hen February rolls around, I am always reminded of a certain debutante party to which we were invited, my college roommate and I, young, innocent, but deep in the discovery that we could actually leave our hometowns in Texas (Houston; Jacksonville) and escape from the wild west into an even wilder and golden west: California. We drove straight through for 48 hours and ended up in Berkeley where I was about to embark on a third university year, and more.
There were poets in the City Lights Book Store, “pigeons on the grass, alas” (Ginsberg? Corso? Can’t remember), would-be writers and artists, dancers and stoned students in the Café Méditerranée on Telegraph Avenue; there were exciting teachers and crazy new friends who were definitely not in Kansas; there was raucous youth and resistance movements and bra-burning and Joan Baez; there were musicians in the living room staying over for days just to jam and groove and all those things musicians did in the 1960s and 70s when they had a free rug to lie upon. And, there was pot.
I only mention grass because it was more accessible in greater quantities and cheaper than any other mind-altering substance, so smoke we did. We even inhaled.
But we also made trips back to visit family in Texas and tried to appear straight and sane. Berkeley left a patina on one’s psyche that we thought was evident to all, but maybe not. We were still invited to holiday parties and debutante balls (yes, Virginia, they actually used to have things like that in the South) even though we had that funny look about the eyes that people get when they see the light. And there’s one Houston Valentine’s bash I remember best.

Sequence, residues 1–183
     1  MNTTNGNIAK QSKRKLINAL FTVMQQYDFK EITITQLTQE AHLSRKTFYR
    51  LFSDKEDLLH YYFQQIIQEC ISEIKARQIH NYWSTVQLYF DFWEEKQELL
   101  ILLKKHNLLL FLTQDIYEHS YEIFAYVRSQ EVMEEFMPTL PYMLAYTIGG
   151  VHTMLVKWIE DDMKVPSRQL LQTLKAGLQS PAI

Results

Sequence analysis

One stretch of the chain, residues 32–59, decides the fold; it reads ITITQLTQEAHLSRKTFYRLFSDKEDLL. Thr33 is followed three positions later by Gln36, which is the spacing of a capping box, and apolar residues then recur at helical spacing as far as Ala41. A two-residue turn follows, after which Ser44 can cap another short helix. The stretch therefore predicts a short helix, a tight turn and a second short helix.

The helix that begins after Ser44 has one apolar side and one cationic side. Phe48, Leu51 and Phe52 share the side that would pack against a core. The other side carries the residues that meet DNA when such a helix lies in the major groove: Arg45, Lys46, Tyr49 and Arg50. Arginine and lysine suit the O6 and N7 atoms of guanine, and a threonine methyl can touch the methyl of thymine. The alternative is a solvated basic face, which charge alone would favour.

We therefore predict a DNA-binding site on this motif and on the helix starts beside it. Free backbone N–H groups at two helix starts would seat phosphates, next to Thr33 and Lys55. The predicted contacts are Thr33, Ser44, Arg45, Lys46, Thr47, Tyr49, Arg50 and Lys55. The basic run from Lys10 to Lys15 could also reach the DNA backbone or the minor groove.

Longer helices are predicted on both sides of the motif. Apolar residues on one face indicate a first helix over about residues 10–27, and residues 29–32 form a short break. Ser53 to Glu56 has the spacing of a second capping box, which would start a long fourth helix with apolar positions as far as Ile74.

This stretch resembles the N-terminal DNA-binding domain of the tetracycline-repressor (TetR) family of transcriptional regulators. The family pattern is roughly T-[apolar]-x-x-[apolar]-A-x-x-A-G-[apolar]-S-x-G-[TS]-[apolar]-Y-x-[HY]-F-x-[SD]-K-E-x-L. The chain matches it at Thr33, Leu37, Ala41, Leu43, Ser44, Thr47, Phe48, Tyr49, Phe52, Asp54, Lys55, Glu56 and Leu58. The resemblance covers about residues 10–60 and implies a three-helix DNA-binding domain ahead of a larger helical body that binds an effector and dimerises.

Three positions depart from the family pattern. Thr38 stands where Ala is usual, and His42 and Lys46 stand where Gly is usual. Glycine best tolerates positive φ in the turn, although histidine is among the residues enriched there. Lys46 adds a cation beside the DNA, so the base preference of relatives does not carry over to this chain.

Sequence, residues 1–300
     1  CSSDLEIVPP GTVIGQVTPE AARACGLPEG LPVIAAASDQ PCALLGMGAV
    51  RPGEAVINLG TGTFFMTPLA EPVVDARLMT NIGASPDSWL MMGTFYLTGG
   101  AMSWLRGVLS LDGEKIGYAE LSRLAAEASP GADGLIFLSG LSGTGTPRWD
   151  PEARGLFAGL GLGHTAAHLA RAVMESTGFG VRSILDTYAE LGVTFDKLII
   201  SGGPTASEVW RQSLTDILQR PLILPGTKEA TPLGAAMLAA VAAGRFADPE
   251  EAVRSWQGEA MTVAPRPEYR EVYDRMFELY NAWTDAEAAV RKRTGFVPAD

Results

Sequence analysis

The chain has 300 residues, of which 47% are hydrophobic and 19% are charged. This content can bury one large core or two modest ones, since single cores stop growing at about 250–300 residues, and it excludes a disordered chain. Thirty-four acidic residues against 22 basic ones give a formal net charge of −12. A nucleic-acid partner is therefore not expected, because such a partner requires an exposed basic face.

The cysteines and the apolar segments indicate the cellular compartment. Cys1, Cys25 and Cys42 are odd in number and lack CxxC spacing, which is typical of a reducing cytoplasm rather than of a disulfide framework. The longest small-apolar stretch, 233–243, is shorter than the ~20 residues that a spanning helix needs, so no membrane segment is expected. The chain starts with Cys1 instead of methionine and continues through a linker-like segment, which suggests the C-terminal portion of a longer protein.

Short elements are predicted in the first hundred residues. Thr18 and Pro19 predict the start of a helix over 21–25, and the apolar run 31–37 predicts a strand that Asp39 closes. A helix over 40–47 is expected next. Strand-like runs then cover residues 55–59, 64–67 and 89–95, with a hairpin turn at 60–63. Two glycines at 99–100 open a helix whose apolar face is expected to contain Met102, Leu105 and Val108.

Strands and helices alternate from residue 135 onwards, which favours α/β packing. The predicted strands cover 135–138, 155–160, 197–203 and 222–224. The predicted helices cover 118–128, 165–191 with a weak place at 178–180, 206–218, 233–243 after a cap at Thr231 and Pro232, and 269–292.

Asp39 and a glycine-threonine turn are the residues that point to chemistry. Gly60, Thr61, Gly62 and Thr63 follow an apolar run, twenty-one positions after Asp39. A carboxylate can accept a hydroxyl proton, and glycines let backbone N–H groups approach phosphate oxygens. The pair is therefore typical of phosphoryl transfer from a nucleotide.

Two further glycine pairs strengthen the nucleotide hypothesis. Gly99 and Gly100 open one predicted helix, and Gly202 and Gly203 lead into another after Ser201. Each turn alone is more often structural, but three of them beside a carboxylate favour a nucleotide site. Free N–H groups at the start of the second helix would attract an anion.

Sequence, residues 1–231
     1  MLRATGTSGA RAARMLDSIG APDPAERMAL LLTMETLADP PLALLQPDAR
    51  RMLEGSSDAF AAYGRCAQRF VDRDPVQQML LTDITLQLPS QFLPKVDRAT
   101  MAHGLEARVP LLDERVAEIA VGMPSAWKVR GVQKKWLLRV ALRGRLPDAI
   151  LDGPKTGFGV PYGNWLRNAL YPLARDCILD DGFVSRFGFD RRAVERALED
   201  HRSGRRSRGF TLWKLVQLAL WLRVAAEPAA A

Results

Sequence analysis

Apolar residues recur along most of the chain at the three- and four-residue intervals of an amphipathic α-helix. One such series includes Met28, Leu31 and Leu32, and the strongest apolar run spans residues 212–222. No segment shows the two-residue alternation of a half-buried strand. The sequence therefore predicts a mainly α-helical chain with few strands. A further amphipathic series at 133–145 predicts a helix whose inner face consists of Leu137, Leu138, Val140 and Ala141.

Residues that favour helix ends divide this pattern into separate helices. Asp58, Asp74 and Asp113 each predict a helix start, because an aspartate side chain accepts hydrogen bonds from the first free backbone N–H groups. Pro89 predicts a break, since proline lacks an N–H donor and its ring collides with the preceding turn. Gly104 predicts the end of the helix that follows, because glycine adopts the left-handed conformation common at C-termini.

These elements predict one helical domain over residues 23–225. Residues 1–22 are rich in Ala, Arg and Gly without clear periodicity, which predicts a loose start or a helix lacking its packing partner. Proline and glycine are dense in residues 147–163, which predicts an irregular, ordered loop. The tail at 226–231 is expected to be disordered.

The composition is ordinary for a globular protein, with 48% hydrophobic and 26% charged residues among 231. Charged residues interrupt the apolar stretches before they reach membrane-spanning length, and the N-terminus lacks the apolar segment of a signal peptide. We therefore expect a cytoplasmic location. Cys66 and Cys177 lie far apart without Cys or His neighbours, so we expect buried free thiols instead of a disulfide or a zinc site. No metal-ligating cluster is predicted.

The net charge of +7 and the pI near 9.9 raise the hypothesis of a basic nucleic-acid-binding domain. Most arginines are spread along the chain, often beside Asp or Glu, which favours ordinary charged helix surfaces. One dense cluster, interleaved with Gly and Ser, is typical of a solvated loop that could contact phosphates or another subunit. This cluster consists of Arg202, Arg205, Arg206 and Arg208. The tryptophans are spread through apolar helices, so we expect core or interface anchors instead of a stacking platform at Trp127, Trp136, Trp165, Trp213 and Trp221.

My best friend, Nan, and I shopped for dresses we thought appropriate and came up with hers in slinky jersey, slit to the thigh and mine a kind of see-through salmony chiffon thing to the floor that went great with long, white kid gloves. You had to have those, honey, or you just weren’t dressed.
In we sashayed, after a quick puff on a joint outside the… where? Country club? Someone’s house? Can’t remember. But there we were with a sumptuous buffet spread out like the yellow brick road and a beautiful, shapely spiral cut Virginia ham beckoning us onward to disaster. The pot kicked in.
Nan was never one to wait for the bell to ring. She headed for the ham, long dancer legs showing through the split and I followed in my orange slink, taking in the little caviar canapés, the trays of champagne and the Houston junior-leaguers looking askance at our breach of manners; the buffet had not yet been formally announced.
I shall always treasure the slow-motion sight of Nan slapping a slice of pink, shimmering ham on to her long white kid-covered palm as the other hand reached for the condiments. She covered the slice with a layer of Dijon mustard and continued spreading right up to her elbow, reveling in the color, the texture, the smell of it all.
Houston’s finest stopped sipping, frozen in sheer shock at the California prodigals. Did we actually invite them, they seemed to ponder?
I was in hysterics by now, laughing to beat the band and loving every raised eyebrow around me. The effects of Berkeley would never get us on the A list again. But those years, that Valentine’s, were only upstaged by a Valentine’s Day many years later, when I married, going straight if not always forward into a future still filled with slit dresses and crazy moments but the only pot on the table a pot au feu or penne all’arrabbiata. I like it that way, but yellow mustard on white kid gloves still gives my heart a jolt.